Lakes with higher water conductivities than those resulting from the model are the smallest, albeit hydrologically, and morphometrically diversified SLP lakes (Table 1). These lakes have total catchments smaller than 1 km2, in which the land use structure is dominated by agricultural land (73–97%). The exception is Lake Wodziłki with a less-developed agricultural catchment (41%). The catchment area of this lake is located on the groundwater flow route, and groundwater flows out in the form of springs supplying the watercourse flowing directly into the lake. It is the only closed lake with a constant inflow. The lithology of the catchment areas of most of these lakes is conducive to underground water inflow or the lakes are fed by short sections of watercourses flowing from springs or directly from springs and seeps (Wodziłki, Purwinek, Purwin). The maximum conductivities found in Lake Purwinek were similar to the conductivities measured in the watercourse feeding it and the spring from which it flows (550–560 µS cm−1). Judging by the conductivity values recorded in this group of lakes and in groundwater outflows it can be concluded that in those with a constant outflow conductivity is determined almost exclusively by the underground inflow. In Lake Kluczysko, showing the highest seasonal and inter-yearly conductivity variability (CV = 0.114) of all the lakes, the inflow of pollution from nonpoint sources is visible. Since the topographic catchments of these lakes are very small, and the recorded conductivity values are among the highest, it is also likely that the actual areas of lake supply are much larger than would result from the topography of the area.

5. Conclusions

The research carried out in 2012–2014 covered a set of 23 lakes located within the borders of the Suwałki Landscape Park (SLP). The lakes show a variety of features of the natural environment, typical for a young glacial lakeland landscape. The SLP is a territorial unit compact enough and abundant in numerous lakes to be an ideal object of analyses of the internal differentiation of the properties of the aquatic environment of its lakes and their response to the currently observed climate changes. It can also be a reference unit for similar future research in other geographical regions.
The study examined the spatial diversity and multiannual variability of the water quality parameter commonly used in monitoring water ecosystems, which is conductivity. The test results showed that: (i) the range of spatial variability of the average surface conductivity of the SLP lakes (178–522 µS cm−1) is typical for lakes in the northern region of Poland (Lithuanian Lakeland), while the inter-lake variability is 3.5 times greater than intra-lake variability; (ii) the factor determining the differences in conductivity is the location of the lakes in the drainage basin, which affects the structure of their supply. The most descriptive parameter is the elevation of the water table/bottom of the lake basin; (iii) physical and environmental parameters of the catchment and morphometric parameters of the lakes have a nuanced influence in relation to the main factor and only to a small extent explain the observed spatial variability of water conductivity; (iv) in dimictic lakes and those showing signs of “spring meromixis” the size of conductivity differences in the water column is determined by the susceptibility of the lakes to wind mixing expressed by the exposure index value; (v) the conductivity of lake waters can be considered as one of those water quality parameters that are sensitive to climate change which significantly expands its interpretative value going far beyond a simple assessment of the degree of loading of aquatic ecosystems with inorganic compounds. As SLP aquatic ecosystems are not subjected to excessive anthropopressure, conductivity can be used to identify the main streams of water supply. Changes over time will primarily reflect qualitative changes in the structure of lake supply caused by climate change. Thus, the analysis of long-term changes in climate parameters (precipitation, temperature) can be useful in assessing the direction and rate of these transformations.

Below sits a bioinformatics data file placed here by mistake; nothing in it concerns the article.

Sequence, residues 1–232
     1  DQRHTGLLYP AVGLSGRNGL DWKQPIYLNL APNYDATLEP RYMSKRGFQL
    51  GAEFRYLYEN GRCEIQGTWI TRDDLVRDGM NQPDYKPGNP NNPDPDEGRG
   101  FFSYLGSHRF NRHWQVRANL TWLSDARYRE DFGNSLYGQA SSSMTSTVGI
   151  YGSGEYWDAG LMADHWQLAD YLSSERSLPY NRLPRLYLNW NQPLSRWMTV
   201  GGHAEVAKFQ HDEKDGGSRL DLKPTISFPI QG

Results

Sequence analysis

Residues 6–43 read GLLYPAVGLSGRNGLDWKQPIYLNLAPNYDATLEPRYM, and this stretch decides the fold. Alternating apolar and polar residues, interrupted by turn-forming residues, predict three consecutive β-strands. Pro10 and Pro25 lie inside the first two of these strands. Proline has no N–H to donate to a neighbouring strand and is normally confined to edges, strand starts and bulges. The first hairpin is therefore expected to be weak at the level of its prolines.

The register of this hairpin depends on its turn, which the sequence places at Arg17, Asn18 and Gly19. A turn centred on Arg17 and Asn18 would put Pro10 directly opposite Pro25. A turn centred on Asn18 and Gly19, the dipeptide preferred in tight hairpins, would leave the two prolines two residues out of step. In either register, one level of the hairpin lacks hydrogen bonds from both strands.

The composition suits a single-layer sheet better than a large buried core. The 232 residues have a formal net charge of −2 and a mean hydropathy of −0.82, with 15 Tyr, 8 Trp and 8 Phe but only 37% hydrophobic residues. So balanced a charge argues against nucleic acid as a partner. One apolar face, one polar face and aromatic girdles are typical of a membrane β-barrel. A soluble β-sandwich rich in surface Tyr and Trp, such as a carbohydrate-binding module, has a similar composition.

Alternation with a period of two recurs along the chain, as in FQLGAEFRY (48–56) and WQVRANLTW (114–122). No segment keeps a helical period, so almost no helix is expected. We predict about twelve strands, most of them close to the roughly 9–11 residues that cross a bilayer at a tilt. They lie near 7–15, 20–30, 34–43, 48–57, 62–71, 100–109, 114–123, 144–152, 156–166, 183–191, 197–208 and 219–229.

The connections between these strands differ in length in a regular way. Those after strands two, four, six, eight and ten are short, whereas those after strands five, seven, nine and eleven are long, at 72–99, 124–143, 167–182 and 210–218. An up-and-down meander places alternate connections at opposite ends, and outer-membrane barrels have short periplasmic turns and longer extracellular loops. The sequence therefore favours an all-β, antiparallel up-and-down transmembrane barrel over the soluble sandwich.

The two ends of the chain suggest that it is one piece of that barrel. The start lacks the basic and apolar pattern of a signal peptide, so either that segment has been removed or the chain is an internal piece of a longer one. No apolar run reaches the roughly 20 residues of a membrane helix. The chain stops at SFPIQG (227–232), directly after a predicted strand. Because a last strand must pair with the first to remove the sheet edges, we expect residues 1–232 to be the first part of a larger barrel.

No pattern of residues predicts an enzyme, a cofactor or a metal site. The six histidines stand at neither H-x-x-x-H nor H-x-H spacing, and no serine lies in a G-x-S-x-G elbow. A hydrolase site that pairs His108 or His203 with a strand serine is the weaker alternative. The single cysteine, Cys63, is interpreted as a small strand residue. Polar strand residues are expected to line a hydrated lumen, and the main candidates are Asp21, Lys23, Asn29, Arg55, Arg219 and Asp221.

Author Contributions

Conceptualization: M.B. and D.B.; Methodology: D.B. and M.B.; Formal Analysis: D.B.; Investigation: K.N., D.B. and M.B.; Resources: M.B., D.B. and K.N.; Data Curation: K.N. and D.B.; Writing—Original Draft Preparation: M.B. and D.B.; Writing—Review and Editing: M.B., D.B. and K.N.; Visualization: D.B.; Supervision: D.B.; Project Administration: M.B. All authors have read and agreed to the published version of the manuscript.

Funding

This research received no external funding.

Conflicts of Interest

The authors declare no conflict of interest.

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Figure 1. Location of the study area with a general lithology map of the Suwałki Landscape Park (SLP) and a graph showing the relationship between the major morphological parameters of the lake basins. The red broken line denotes the regression line between lake volume and the surface area defined for lakes of the Szeszupa Depression.
Figure 1. Location of the study area with a general lithology map of the Suwałki Landscape Park (SLP) and a graph showing the relationship between the major morphological parameters of the lake basins. The red broken line denotes the regression line between lake volume and the surface area defined for lakes of the Szeszupa Depression.